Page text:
Looking forward to the Farmer’s Market this year . . .
Putting that dehydrator to good use
Farmer’s Market season is well over now, and oh how I am missing those beautiful summer days as I watch the snow gently fall. Unless you have a great green house you are still regulated to paying winter retail prices for produce at the grocery store—unless you dehydrated last season’s food surplus. As in any year, I had a bounty of some things and only teases of others. It is why I preserve the bounty with a dehydrator because next year may not fare so favorably in what contributed to this year’s abundance.
One tried and true way to preserve food is the root cellar. We do not have a true root cellar right now (but I caught Chaya reading this book, so I am sure it is on the project list for next summer). Truthfully, I prefer to have many of the staple foods in their dehydrated form because of the flavors and versatility. A cold storage apple becomes “mealy” to me about 4-5 months (again, I need that true root cellar!), but an apple ring? I can hardly keep those on my shelf!
At Pantry Paratus, using a dehydrator for food is one of our four core competencies, which makes having an Excalibur dehydrator high on our list of recommended products for people to own and routinely use. I was just tickled when I came across these pictures of last summer’s harvest from the farmer’s market, so I thought in honor of Spring’s soon arrival I would show a quick how-to dehydrate carrots.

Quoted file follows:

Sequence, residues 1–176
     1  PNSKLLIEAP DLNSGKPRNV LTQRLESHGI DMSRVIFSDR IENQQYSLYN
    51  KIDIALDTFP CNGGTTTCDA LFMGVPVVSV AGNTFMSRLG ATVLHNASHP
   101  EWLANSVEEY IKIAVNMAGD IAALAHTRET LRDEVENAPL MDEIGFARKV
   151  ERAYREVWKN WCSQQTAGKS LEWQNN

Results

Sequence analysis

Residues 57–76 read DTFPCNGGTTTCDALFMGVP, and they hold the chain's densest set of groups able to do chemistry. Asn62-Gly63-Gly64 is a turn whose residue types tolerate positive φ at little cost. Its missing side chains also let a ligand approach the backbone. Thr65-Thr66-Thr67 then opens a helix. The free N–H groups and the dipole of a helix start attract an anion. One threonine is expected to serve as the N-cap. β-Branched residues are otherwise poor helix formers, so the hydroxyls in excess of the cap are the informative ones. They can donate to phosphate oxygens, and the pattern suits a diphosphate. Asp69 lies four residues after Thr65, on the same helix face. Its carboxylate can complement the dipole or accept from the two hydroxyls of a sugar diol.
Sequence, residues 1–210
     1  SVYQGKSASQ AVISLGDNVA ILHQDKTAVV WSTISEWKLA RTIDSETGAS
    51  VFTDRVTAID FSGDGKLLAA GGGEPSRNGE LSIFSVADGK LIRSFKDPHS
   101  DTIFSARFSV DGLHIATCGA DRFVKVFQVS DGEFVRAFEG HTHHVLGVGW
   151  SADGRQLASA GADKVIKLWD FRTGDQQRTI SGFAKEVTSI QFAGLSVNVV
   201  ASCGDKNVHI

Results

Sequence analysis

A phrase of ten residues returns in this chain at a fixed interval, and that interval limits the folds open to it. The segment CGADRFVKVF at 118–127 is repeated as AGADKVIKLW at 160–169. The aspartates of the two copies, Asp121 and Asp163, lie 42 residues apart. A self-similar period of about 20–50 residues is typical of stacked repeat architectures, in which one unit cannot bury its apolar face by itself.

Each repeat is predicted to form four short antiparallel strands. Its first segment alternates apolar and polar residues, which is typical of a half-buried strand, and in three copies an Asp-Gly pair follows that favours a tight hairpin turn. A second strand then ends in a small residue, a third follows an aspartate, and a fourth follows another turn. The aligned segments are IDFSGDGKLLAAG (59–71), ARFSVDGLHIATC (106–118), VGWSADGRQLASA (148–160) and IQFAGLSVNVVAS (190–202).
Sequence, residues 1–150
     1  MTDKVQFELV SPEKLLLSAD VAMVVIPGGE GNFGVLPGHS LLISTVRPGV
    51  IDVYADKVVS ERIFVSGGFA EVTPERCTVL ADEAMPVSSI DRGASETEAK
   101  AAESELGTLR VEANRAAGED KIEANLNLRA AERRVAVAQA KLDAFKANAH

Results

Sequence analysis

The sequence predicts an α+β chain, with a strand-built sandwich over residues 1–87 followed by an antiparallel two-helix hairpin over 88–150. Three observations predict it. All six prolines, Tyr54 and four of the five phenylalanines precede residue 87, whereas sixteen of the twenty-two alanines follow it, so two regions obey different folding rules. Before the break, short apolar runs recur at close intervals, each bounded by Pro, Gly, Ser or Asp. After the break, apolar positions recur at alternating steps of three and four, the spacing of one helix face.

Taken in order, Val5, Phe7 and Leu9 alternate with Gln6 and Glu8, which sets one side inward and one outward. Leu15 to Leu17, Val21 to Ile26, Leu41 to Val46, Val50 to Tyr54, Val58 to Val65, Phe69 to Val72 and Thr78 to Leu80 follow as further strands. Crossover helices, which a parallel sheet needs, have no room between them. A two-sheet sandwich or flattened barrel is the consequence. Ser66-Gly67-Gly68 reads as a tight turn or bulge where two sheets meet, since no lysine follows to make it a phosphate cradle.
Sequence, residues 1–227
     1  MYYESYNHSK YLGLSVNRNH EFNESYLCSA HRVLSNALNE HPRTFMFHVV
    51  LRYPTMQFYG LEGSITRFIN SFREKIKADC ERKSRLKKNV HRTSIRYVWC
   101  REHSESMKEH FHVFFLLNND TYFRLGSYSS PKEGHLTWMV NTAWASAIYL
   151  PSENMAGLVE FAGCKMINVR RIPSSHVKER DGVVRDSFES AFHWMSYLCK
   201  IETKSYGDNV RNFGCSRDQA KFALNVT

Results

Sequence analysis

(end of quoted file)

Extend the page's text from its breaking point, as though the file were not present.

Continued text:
Look at this beautiful bucket of carrots, garlic and onions!
To start, cut the carrots into “coins.”
Next, I blanch them in boiling water for 60 or so seconds, then strain them out. This will help to soften the outer layer of the carrot to prevent case hardening (where the outside of the food dries and it locks in the moisture inside the food—not good for storing food).
Lay the carrots one layer deep on the Excalibur dehydrator tray
Start the dehydrator. I typically run carrots a lower heat in my food dehydrator than what is recommended for about 36 hours. Your mileage may vary depending on where you live and how much humidity you have.
Lastly, I roll up the mat and funnel them into an awaiting jar.
If you are storing them for a long time, then I recommend using an Oxygen Absorber (cost about $0.10—very cheap insurance).
Now sit back and wait for Spring, or do the dozens of other chores you have around the homestead. Either way, putting away food from either your garden or your local farmer’s market when it is in season means that you do not have to pay retail for produce (by the way, I paid ~$9 for everything in the above bucket at my local farmer’s market).
Pro Deo et Patria
All photos by Pantry Paratus
Nothing in this blog constitutes medical advice. You should consult your own physician before making any dietary changes. Statements in this blog may or may not be congruent with current USDA or FDA guidance.